Now, Stan offers some great MCMC algorithms, and HMC is among them. Our job for this project consisted in implementing a yet more efficient version of the HMC and, if possible, parallelise it!

One thing about HMC is that it doubles the space dimension and has two variables to handle: a position and a momentum. The momentum allows a particle (~ sample) to follow the field lines and us to exploit the gradient of the distribution to direct it properly. How, you may ask? As with any numerical simulation, we need to integrate the orbit, and do so with the symplectic integrators, which have the nice property of volume preservation: this means that the computed path cannot deviate too much from the actual path, even for long integration times. Symplectic integrators can be derived from the Hamilton equations and can be of any order k; the simplest ones being:

  • k = 1: symplectic Euler
  • k = 2: Störmer-Verlet, with variations (such as the leap-frog, which we used!)
The kick-drift-kick scheme used by the leapfrog integrator.

The HMC, after every integration, obtains a proposal and decides whether to accept or reject it, i.e. to keep it as a new sample or ignore it. To do so, it computes the total energy (or Hamiltonian) of the system before and after integrating: samples whose energy has reduced in the process are accepted unconditionally, while the others are exponentially more likely to be rejected.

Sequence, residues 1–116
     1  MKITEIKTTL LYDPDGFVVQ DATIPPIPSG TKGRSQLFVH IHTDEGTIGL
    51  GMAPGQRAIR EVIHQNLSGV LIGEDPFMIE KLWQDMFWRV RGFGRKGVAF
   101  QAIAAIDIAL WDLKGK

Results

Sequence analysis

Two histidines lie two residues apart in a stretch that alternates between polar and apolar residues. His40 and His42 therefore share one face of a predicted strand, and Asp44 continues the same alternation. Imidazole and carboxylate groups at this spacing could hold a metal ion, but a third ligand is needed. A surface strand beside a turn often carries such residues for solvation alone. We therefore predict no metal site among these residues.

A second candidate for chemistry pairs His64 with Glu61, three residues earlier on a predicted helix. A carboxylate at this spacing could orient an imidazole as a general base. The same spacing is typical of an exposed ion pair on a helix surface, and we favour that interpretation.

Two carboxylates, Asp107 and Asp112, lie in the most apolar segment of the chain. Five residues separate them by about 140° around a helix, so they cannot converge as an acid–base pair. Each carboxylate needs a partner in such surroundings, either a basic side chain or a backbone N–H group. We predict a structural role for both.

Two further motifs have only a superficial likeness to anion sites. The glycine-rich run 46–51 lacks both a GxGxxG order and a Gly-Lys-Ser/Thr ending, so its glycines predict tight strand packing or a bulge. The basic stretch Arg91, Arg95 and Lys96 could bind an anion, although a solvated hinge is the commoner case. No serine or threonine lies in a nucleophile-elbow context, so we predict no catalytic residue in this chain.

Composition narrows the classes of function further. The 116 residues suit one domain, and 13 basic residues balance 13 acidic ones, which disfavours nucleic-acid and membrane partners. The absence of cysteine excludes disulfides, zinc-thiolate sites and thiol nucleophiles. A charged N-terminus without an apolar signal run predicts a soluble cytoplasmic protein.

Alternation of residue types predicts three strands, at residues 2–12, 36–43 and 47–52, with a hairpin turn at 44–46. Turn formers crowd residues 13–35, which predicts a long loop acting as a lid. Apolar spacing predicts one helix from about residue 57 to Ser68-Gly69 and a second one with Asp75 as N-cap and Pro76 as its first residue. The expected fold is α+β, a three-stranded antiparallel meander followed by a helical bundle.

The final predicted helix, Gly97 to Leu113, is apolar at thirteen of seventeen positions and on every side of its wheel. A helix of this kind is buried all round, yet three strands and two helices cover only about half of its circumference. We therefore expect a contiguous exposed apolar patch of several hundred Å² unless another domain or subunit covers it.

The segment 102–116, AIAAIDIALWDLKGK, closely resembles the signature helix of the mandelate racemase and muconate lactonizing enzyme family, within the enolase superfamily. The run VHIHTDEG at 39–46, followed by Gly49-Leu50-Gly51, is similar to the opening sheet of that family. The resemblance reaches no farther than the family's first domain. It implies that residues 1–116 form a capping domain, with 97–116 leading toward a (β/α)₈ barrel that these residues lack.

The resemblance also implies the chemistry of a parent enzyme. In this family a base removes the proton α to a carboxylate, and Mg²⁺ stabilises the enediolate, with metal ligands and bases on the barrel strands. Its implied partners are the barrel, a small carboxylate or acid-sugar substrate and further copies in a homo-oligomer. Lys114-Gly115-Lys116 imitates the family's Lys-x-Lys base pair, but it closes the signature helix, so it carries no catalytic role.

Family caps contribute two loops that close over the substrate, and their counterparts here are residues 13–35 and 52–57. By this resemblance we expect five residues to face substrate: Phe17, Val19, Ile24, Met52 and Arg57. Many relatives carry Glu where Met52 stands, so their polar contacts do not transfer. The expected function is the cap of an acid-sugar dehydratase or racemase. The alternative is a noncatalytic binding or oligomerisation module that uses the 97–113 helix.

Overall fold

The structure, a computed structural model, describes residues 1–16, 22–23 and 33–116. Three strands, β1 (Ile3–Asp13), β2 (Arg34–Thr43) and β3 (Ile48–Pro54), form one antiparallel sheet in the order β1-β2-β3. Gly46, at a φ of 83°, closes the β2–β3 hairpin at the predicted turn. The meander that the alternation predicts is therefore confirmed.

Building a better HMC

We were given a very complex C++ code skeleton to be completed and/or reformatted; this code could be submitted to the Stan Framework. The way we proceeded is as follows:

  • we implemented a data structure using the Structure of Array (SoA) model: the ensemble of particles holds one array for each particle’s feature (so 2 arrays in our case: positions and momenta);
  • we completed the integrator structure, devising how the integration should be performed: namely, with the afore-mentioned leapfrog;
  • we added functionalities to another script for the actual computations: in there, the algorithm samples, computes the Hamiltonian, and decides if to accept or reject the proposals; finally, it estimates the parameter of the input model (after all, we’re performing what is called stochastic parameter fitting).

We are pretty satisfied with our implementation since it’s fast and produces meaningful results. Still, there’s a world to be explored!

Beyond HMC

For example: when implementing the integration, we had to specify a step size and a number of steps, since these are not automatically computed by the algorithm. We have also experimented with a 3° order “Ruth” integrator, which turned out fast (and required a larger step size and a smaller number of steps). There is a variant of the HMC algorithm, the No-U-Turn Sampler (NUTS), which eliminates the need for setting the number of steps (and offers some heuristics for computing a good step size).

But that’s for another time! Thanks for your attention.